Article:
featured another multi-ethnic mix of Kool-Aid-smile-wearing

And when I asked whether or not my little nephew would be
paid-in-full if I were smashed to bits when my Oldsmobile stalled
on the tracks and was hit by a Metro-North train full of suits
headed to Manhattan, he smiled broadly and said, "No problem, kid!
Happens all the time! It's covered."

So I left my SGLI $250K to my three-year old nephew, Sean. I
figured he would be able to pay for college after I died in Iraq in
some violent and unfortunate manner. One generation of my family
would be born with some kind of financial security. As I sat
restlessly on that plane to Iraq gnawing on a wad of Levi Garrett
chewing tobacco, for the life of me I couldn't remember whom I
designated the sorry task of the death notification to. I wasn't
sure whom I had actually, formally, designated as my next of kin. I
had been in the Army four years at that point. In those four years,
I had changed my address three times at least. I'd signed up in
September, 1998. In January, 1999, I arrived at Fort McClellan,
Alabama, for Basic Training. Seven months later I was back in New
York City, an Army Reservist. That fall I took a job on Wall
Street. I knew jackshit about high finance, but my mom faced some
big medical expenses and I wanted to help out. I figured that in
the intense atmosphere of Wall Street I could make fast money, and
learn a ton about business. I only planned to stay on Wall Street
for a few years, then go back to grad school. At some point in
there I switched from the Reserves to the National Guard. In 2000 I
went to Officer Candidate School (OCS), spent some time at Fort
Benning, Georgia, and got my commission. I also got fed up with
Wall Street and quit. My last day was September 7, 2001. In 2002 I
spent six months back at Fort Benning, completing the Infantry
Officer Basic Course (IOBC), and when I saw the war looming, I
volunteered for active duty and the invasion of Iraq.

In January, 2003, the Army obliged, and shipped me to back to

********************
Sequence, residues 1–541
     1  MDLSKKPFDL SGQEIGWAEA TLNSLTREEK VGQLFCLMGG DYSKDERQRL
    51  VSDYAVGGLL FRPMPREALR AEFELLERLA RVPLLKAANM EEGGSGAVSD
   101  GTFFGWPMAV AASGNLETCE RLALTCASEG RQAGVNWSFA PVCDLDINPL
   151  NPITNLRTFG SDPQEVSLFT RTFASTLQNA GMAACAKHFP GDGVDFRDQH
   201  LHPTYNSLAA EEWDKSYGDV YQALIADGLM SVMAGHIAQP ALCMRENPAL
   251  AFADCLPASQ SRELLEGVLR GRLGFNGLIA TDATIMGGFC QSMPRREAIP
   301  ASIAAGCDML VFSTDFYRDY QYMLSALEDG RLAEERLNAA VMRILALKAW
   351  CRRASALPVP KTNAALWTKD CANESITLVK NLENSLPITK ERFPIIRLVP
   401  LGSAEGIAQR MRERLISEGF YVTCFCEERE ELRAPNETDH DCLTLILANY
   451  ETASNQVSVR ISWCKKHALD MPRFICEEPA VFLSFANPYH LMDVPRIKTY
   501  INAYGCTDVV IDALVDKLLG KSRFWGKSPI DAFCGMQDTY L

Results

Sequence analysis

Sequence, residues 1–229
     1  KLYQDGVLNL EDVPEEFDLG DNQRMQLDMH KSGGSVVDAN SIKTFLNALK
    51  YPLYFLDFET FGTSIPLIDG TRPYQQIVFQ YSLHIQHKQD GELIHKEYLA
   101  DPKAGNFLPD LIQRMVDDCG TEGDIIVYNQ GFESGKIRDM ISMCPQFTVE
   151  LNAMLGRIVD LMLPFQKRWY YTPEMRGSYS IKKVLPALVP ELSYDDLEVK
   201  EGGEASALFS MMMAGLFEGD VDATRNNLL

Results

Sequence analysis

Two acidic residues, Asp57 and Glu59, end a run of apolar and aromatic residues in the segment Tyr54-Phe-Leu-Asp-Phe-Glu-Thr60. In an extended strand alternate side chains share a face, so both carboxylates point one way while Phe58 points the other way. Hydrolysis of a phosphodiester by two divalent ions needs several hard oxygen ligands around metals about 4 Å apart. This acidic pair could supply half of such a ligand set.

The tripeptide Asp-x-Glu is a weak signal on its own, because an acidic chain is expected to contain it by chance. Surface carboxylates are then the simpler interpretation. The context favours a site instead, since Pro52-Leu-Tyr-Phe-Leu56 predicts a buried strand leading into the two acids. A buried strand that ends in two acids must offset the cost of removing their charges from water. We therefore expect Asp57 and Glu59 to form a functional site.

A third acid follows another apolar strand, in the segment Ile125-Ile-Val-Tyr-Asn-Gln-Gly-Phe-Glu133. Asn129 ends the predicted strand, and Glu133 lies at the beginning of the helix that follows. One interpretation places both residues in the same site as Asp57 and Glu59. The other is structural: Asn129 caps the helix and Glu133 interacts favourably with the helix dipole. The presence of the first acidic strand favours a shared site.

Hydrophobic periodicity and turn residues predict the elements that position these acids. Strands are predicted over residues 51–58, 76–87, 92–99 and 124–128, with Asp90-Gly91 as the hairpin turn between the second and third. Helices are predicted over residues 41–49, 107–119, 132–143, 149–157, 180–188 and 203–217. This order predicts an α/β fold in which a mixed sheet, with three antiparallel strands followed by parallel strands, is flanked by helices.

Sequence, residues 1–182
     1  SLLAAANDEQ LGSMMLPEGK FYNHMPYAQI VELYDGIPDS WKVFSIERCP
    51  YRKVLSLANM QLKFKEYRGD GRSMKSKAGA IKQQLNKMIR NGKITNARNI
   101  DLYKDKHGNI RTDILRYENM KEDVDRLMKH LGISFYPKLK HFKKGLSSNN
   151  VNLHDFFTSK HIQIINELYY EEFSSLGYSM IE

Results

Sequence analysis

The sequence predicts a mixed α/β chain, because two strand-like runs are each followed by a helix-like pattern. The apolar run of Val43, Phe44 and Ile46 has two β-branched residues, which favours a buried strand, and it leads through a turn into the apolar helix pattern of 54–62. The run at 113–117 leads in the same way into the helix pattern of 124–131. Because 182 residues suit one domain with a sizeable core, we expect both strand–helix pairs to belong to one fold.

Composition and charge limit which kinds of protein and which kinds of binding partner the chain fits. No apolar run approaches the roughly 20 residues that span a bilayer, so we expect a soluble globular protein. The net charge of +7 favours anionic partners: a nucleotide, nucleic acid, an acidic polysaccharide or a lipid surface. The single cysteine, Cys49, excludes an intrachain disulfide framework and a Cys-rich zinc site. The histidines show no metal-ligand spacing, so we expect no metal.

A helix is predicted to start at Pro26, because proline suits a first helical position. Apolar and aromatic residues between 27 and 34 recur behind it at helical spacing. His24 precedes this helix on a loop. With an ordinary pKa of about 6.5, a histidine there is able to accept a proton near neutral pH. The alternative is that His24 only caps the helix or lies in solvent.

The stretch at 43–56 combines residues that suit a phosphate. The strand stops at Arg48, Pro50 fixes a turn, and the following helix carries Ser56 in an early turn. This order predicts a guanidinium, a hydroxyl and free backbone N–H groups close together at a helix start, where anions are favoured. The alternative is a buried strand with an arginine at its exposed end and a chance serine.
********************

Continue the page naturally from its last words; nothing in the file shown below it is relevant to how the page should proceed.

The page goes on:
Georgia, to Fort Stewart this time, where my men and I waited and
trained and waited some more. Now it was April, and we were finally
on our way.

Before I was called up for the war, I was crashing with my
girlfriend in Brooklyn, but I didn't get mail there. I had a Post
Office Box back home in Peekskill because I had moved around so
much. So Lord only knows which one of my "homes of record" the Army
had listed in its jacked-up "notify if killed" files.

I wondered which of my parents they'd reach out to first. By 2003,
my parents had been divorced for over ten years. It was a messy
divorce; they fought over everything. But in all the fights between
them, over custody and property, I was pretty sure that they never
discussed who got dibs on my death notice.

I hoped it was my dad. He was the more stable of the two. And he
had been drafted in Vietnam. True, he'd been really pissed when I
told him I'd enlisted, and even more pissed when I told him I'd
volunteered for combat. A foreman for Con Edison, he'd always hoped
my brother and I could avoid going into the service. After all, I
was the first in our family to go to college. And not just any
college, but one of the "Little Ivies." I worked the whole time to
help pay for it--as a bouncer at local bars, working security, jobs
that suited a six-foot-two, 240 lb. football player with a
take-no-shit attitude. And then, in my Dad's eyes, I went and
jeopardized my college payoff by joining the military. "I just
don't understand why you want to turn down a great job on Wall
Street, and all that money, to roll around in the mud with a bunch
of rednecks down south."

As mad at me as he was, my dad would be devastated to get my death
notice. But he would multi-task like a motherfucker letting the
family know. That would be his way of coping. My grandmother (his
mom) was one of eleven children in a huge Italian family from the
Bronx, so I had a dozen aunts and uncles, and throngs of cousins
named Vinnie and Marie who would need to be notified.

But there was no guarantee that the Army would call my dad. It was
entirely likely that they would call my mother first. And that
would not be pretty. My mother has never exactly been a pillar of
emotional stability. When I left for the war, she sobbed
inconsolably for days, and sold her TV to a pawn shop because she